In this unique and timely book, two of the world's leading criminologists explore the connections between crime and economic conditions. The authors skilfully draw on influential criminological theories to formulate an original "institutional" perspective. This perspective sheds light on the complex ways in which levels and forms of crime reflect the structure and functioning of the economy in advanced capitalist societies.
The book offers a readable, interesting and accessible analysis, addressing an array of different criminal activities, including:
- violent crime
- drug crime
- white-collar crime
- organised crime
- corporate crime.
Crime and the Economy is written with clarity and flair. Technical terms, where used, are fully explained; relevant examples punctuate the discussion; and key points are supported by graphs and diagrams. It is essential reading for undergraduates, graduate students, and academics in criminology and sociology.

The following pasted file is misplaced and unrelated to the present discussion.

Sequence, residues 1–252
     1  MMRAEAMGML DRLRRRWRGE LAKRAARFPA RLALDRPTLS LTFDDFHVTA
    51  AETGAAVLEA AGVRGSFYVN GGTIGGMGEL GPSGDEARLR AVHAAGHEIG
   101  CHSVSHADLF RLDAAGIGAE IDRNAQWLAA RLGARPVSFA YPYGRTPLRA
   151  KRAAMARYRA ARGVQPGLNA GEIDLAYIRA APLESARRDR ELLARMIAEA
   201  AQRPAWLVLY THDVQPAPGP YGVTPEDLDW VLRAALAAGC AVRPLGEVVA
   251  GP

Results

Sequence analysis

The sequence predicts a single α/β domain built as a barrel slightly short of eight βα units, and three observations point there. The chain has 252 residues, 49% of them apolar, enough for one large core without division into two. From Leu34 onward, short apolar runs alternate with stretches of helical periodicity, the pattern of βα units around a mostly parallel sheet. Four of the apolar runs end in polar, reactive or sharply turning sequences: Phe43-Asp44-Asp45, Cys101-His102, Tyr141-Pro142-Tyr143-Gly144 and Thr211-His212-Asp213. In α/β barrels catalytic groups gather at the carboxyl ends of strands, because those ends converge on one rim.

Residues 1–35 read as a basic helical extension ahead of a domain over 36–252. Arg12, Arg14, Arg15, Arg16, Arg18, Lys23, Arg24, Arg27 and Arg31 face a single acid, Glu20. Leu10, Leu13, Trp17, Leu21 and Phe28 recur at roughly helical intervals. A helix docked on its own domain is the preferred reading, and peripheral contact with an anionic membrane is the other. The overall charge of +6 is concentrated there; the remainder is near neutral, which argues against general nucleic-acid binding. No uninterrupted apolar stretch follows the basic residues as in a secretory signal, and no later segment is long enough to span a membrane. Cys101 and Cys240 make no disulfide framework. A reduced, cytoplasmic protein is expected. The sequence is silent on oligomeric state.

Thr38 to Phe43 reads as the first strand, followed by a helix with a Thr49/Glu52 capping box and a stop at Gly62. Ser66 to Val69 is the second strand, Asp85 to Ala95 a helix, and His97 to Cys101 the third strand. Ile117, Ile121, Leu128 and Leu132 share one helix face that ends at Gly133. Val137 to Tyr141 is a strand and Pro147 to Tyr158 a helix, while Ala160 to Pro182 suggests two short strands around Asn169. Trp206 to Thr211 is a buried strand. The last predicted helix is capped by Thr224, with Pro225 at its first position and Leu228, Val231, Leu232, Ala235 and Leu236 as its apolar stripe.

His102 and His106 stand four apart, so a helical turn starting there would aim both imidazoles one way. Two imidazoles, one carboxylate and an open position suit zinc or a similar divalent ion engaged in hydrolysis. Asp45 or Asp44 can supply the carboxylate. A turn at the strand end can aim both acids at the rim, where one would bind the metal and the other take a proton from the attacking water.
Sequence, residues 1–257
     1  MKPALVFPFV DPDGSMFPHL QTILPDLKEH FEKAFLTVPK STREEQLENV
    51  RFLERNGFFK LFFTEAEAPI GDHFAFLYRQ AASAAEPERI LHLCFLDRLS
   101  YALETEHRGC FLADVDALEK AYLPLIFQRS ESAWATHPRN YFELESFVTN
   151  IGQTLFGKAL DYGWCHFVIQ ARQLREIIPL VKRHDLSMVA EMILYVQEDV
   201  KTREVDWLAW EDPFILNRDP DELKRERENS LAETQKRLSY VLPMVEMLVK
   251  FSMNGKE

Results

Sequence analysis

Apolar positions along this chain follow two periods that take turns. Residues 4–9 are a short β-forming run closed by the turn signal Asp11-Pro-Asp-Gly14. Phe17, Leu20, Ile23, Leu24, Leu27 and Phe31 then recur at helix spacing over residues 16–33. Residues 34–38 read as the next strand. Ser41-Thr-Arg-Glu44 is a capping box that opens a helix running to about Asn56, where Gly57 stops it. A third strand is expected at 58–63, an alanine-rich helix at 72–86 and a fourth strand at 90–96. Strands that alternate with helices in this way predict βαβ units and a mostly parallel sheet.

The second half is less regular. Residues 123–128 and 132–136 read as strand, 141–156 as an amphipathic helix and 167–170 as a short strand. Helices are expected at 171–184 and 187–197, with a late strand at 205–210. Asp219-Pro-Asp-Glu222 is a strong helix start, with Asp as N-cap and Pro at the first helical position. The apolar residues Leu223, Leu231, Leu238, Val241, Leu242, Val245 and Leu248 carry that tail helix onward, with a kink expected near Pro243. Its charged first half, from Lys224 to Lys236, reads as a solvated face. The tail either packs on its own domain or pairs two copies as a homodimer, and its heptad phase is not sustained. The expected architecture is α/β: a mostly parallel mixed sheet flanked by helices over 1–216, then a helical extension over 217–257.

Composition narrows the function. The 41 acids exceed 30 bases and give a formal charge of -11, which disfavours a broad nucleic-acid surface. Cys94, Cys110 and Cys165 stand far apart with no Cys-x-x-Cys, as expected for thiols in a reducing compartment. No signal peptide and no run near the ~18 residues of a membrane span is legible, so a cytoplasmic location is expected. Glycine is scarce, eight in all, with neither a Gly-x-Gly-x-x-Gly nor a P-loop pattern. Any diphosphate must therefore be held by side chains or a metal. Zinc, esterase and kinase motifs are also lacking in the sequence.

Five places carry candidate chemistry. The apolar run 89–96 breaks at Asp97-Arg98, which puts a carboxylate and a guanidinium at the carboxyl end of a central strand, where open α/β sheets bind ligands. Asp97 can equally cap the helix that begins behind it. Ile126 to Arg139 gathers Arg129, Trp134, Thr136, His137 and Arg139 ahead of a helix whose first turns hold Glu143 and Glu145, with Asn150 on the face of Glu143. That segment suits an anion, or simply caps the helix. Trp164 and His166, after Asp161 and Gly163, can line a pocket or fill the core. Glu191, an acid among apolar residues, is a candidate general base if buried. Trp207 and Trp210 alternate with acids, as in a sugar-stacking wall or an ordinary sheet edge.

Compact Criminology is an exciting series that invigorates and challenges the international field of criminology.
Books in the series are short, authoritative, innovative assessments of emerging issues in criminology and criminal justice – offering critical, accessible introductions to important topics. They take a global rather than a narrowly national approach. Eminently readable and first-rate in quality, each book is written by a leading specialist.
Compact Criminology provides a new type of tool for teaching, learning and research, one that is flexible and light on its feet. The series addresses fundamental needs in the growing and increasingly differentiated field of criminology.